The Flowers of Manchester

the last line up

“One cold and bitter Thursday,
In Munich, Germany.
Eight great football stalwarts,
Conceded victory.
Eight men will never play again,
Who met destruction there.
The flowers of English football,
The flowers of Manchester.”

I often find that when it comes to history, tragedy is always what makes the greatest impact. Whether it be the consequences of war, the picture of a naked child whose life has crumbled due to an atom bomb, a freedom fighter falling after someone to whom equality and human rights mean little have pulled the trigger of a rifle, or Mother Nature showing what she is capable leading to hundreds, even thousands of people desperately searching for their loved ones after an earthquake, or a tsunami. Those are the pictures that become part of your permanent memory, those are the picture you’ll remember from the history books you read, or the news reports you watch. History is little without tragedy, because more than times of joy, tragedy is what shapes us, and the world in which we live.

There is a certain amount of awe to be felt when in the company of those who have defied tragedy, and have risen to become stronger as a result, and however trivial one person’s woes may seem to the next man, how we react to tragedy, how we move on from it, tells a lot about a person, a people, or even a football team. In 1958 Manchester United, and English football, experienced pain like it never had before. On that day in Munich, the history of the club I love so dearly was shaped anew.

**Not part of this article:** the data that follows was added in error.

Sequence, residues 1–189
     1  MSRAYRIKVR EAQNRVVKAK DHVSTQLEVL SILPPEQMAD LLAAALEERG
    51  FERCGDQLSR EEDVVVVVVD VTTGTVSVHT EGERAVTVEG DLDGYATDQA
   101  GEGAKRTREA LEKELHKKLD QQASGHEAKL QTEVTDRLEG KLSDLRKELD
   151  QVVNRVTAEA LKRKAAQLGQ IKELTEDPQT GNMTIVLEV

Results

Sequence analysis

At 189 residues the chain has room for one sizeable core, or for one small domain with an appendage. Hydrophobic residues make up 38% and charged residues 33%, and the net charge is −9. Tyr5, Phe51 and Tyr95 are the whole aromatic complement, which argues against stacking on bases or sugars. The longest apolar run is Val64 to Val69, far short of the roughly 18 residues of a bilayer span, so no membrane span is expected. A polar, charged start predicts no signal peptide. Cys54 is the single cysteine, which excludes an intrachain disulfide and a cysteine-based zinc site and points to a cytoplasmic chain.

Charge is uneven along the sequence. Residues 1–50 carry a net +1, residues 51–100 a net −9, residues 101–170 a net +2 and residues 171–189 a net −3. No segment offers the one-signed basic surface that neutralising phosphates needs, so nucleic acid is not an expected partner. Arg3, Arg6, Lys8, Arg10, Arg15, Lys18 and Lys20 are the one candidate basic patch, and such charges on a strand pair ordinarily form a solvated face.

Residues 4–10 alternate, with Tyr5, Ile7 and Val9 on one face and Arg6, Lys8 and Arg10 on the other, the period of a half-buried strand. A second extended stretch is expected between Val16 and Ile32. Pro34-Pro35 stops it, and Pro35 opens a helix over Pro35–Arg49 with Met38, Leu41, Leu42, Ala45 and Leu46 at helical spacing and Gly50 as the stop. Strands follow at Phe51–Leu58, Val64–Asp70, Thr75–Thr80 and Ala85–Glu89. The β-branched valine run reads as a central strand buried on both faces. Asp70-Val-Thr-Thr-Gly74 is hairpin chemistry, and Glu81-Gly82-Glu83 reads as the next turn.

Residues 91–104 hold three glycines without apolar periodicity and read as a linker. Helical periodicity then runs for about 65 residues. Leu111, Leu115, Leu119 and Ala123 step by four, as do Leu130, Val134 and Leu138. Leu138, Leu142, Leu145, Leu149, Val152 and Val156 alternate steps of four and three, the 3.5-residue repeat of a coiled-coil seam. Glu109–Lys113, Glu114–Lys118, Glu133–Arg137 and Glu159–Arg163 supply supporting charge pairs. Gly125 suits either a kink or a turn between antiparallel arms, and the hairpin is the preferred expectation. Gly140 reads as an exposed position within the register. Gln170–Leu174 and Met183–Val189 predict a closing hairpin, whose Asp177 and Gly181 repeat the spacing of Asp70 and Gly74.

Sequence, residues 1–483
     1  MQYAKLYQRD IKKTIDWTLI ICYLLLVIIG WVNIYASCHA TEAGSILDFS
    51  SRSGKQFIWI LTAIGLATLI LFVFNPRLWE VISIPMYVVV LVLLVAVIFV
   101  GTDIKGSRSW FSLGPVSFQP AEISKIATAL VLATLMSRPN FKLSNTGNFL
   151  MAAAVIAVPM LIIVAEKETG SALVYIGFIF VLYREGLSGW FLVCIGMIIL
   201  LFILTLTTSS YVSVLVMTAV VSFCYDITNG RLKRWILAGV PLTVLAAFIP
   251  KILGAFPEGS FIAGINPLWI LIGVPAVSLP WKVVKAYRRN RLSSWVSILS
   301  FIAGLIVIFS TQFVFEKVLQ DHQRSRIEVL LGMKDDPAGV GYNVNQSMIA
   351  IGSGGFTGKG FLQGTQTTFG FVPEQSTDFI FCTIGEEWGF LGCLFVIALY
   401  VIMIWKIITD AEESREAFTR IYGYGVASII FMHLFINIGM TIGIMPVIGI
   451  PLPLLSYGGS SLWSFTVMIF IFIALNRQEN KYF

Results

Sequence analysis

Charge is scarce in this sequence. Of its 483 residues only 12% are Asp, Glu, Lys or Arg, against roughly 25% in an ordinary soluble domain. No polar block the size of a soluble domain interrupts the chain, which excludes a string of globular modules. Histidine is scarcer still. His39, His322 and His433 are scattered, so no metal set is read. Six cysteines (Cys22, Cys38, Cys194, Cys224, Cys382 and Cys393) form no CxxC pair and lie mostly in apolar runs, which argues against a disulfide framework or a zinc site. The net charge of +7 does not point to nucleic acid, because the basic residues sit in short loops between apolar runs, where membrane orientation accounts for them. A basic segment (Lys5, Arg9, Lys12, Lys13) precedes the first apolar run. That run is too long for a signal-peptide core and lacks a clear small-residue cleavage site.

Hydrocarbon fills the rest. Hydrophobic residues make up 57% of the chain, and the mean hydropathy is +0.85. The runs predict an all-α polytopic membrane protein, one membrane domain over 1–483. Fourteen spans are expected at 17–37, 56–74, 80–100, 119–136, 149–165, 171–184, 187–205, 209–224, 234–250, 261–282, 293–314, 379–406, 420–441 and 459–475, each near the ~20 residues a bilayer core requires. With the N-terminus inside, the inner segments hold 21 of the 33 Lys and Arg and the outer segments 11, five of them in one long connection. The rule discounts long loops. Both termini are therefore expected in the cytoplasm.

We’ll always remember the Babes that perished; Bent, Byrne, Colman, Big Dunc, Jones, Pegg, Taylor and Whelan.

And with them the world suffered loss of United staff members; Crickmer, Curry and Whalley, two of the plane’s crew; Rayment and Cable, eight journalists; Clarke, Davies, Follows, Jackson, Ledbrooke, Rose, Thompson and Frank Swift, one of the greatest goalkeepers England and Manchester ever saw. A travel agent; Bela Miklos also lost his life, as did Sir Matt Busby’s friend Willie Satinoff.

23 lives were lost that day, and so many hearts were broken, and are breaking still. Sons, brothers, husbands, fathers so needlessly and tragically torn away. They shaped us, and at a time when some seem to find it impossible to see the light at the end of the tunnel from our bad form, they would do well to remember that this club has been through so much worse than finishing outside the top four in the league.

 United rose again, after the Munich Air Disaster, not beautifully and romanticized as the Phoenix from the flame, a term that has been used so many times about what came to pass in the decade after that horrible day. United rose again through hard work and determination. Through the bravery of those who were left behind, and through those who came to our aid. Through the leadership of Sir Matt and the hard work of Jimmy Murphy. United rose again, through blood, sweat and with the taste of bitter tears that still lingers with some now. There is nothing romantic about what happened in Munich, there is nothing that happens later that made that day worth it. But it did happen, and it did shape us, and for what we became, and for what we still are we owe the men who survived, and the memory of those who did not, our eternal gratitude.

“Oh, England’s finest football team its record truly great,

Its proud successes mocked by a cruel turn of fate.

Eight men will never play again, who met destruction there,

The flowers of English football,

The flowers of Manchester.”

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